WO1996035499A1 - Filter device - Google Patents

Filter device

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Publication number
WO1996035499A1
WO1996035499A1 PCT/US1996/006073 US9606073W WO1996035499A1 WO 1996035499 A1 WO1996035499 A1 WO 1996035499A1 US 9606073 W US9606073 W US 9606073W WO 1996035499 A1 WO1996035499 A1 WO 1996035499A1
Authority
WO
Grant status
Application
Patent type
Prior art keywords
filter
adsorptive
device
slurry
layer
Prior art date
Application number
PCT/US1996/006073
Other languages
French (fr)
Inventor
Cynthia D. Bellefeuille
Andrew J. Dallas
M. E. Wright
Michael A. Madden
Suzan K. Nunnink
Original Assignee
Donaldson Company, Inc.
Priority date (The priority date is an assumption and is not a legal conclusion. Google has not performed a legal analysis and makes no representation as to the accuracy of the date listed.)
Filing date
Publication date

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Classifications

    • BPERFORMING OPERATIONS; TRANSPORTING
    • B01PHYSICAL OR CHEMICAL PROCESSES OR APPARATUS IN GENERAL
    • B01DSEPARATION
    • B01D53/00Separation of gases or vapours; Recovering vapours of volatile solvents from gases; Chemical or biological purification of waste gases, e.g. engine exhaust gases, smoke, fumes, flue gases, aerosols
    • B01D53/34Chemical or biological purification of waste gases
    • B01D53/46Removing components of defined structure
    • B01D53/68Halogens or halogen compounds
    • B01D53/685Halogens or halogen compounds by treating the gases with solids
    • BPERFORMING OPERATIONS; TRANSPORTING
    • B01PHYSICAL OR CHEMICAL PROCESSES OR APPARATUS IN GENERAL
    • B01DSEPARATION
    • B01D53/00Separation of gases or vapours; Recovering vapours of volatile solvents from gases; Chemical or biological purification of waste gases, e.g. engine exhaust gases, smoke, fumes, flue gases, aerosols
    • B01D53/02Separation of gases or vapours; Recovering vapours of volatile solvents from gases; Chemical or biological purification of waste gases, e.g. engine exhaust gases, smoke, fumes, flue gases, aerosols by adsorption, e.g. preparative gas chromatography
    • B01D53/04Separation of gases or vapours; Recovering vapours of volatile solvents from gases; Chemical or biological purification of waste gases, e.g. engine exhaust gases, smoke, fumes, flue gases, aerosols by adsorption, e.g. preparative gas chromatography with stationary adsorbents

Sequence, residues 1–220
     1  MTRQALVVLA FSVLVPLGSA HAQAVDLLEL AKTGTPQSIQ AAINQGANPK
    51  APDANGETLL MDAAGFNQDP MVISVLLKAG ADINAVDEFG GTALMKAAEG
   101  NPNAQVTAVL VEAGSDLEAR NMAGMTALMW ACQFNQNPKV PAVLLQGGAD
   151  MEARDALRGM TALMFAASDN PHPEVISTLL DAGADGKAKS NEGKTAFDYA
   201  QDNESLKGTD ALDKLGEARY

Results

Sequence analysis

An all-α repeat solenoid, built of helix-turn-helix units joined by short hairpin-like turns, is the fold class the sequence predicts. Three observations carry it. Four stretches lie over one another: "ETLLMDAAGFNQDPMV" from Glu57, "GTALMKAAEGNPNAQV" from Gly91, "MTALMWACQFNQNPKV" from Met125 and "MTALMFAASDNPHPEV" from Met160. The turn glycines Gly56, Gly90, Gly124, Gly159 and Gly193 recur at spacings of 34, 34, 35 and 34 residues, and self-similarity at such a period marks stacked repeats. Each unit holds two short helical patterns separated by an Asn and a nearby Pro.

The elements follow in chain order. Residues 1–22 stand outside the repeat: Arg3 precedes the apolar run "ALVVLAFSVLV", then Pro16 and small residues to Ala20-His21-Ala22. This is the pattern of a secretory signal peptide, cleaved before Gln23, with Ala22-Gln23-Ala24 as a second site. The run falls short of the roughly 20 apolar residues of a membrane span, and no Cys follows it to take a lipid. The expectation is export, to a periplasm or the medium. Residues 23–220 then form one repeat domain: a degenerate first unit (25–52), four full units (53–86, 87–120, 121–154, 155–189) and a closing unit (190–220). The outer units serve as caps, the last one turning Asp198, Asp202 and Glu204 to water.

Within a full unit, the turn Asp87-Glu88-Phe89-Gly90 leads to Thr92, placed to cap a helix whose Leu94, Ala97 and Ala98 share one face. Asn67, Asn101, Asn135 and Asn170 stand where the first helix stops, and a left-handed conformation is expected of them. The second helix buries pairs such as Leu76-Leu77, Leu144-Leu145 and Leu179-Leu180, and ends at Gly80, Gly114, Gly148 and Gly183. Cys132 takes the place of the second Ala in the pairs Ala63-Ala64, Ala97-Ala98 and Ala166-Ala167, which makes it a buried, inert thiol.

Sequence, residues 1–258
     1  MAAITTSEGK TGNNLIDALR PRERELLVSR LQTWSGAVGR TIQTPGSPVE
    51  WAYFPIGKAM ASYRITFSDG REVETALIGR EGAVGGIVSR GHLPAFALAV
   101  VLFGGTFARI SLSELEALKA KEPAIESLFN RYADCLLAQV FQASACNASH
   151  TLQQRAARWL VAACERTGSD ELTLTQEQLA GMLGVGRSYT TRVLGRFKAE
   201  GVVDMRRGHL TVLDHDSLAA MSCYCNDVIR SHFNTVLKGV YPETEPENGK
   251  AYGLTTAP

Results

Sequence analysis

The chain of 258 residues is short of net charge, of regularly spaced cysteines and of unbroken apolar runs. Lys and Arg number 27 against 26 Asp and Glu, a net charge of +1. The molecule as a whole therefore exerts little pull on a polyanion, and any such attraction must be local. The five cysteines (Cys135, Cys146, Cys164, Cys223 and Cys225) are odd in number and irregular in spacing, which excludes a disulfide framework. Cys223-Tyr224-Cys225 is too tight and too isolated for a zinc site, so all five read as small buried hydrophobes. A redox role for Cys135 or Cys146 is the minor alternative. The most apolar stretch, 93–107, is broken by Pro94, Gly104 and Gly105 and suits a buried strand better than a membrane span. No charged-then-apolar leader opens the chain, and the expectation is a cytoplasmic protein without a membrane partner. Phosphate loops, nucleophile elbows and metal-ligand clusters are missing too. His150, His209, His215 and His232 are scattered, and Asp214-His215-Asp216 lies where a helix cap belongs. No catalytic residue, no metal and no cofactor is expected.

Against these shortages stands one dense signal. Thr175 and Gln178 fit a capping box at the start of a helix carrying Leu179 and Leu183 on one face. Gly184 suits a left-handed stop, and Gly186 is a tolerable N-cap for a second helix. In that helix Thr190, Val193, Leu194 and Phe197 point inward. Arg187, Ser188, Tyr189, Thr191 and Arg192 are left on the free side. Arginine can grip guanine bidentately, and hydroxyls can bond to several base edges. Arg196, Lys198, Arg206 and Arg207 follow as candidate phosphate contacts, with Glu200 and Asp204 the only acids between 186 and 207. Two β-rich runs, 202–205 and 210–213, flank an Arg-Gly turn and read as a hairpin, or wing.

• BPERFORMING OPERATIONS; TRANSPORTING
    • B01PHYSICAL OR CHEMICAL PROCESSES OR APPARATUS IN GENERAL
    • B01DSEPARATION
    • B01D53/00Separation of gases or vapours; Recovering vapours of volatile solvents from gases; Chemical or biological purification of waste gases, e.g. engine exhaust gases, smoke, fumes, flue gases, aerosols
    • B01D53/02Separation of gases or vapours; Recovering vapours of volatile solvents from gases; Chemical or biological purification of waste gases, e.g. engine exhaust gases, smoke, fumes, flue gases, aerosols by adsorption, e.g. preparative gas chromatography
    • B01D53/04Separation of gases or vapours; Recovering vapours of volatile solvents from gases; Chemical or biological purification of waste gases, e.g. engine exhaust gases, smoke, fumes, flue gases, aerosols by adsorption, e.g. preparative gas chromatography with stationary adsorbents
    • B01D53/0407Constructional details of adsorbing systems
    • BPERFORMING OPERATIONS; TRANSPORTING
    • B01PHYSICAL OR CHEMICAL PROCESSES OR APPARATUS IN GENERAL
    • B01DSEPARATION
    • B01D53/00Separation of gases or vapours; Recovering vapours of volatile solvents from gases; Chemical or biological purification of waste gases, e.g. engine exhaust gases, smoke, fumes, flue gases, aerosols
    • B01D53/34Chemical or biological purification of waste gases
    • B01D53/46Removing components of defined structure
    • B01D53/48Sulfur compounds
    • BPERFORMING OPERATIONS; TRANSPORTING
    • B01PHYSICAL OR CHEMICAL PROCESSES OR APPARATUS IN GENERAL
    • B01DSEPARATION
    • B01D53/00Separation of gases or vapours; Recovering vapours of volatile solvents from gases; Chemical or biological purification of waste gases, e.g. engine exhaust gases, smoke, fumes, flue gases, aerosols
    • B01D53/34Chemical or biological purification of waste gases
    • B01D53/46Removing components of defined structure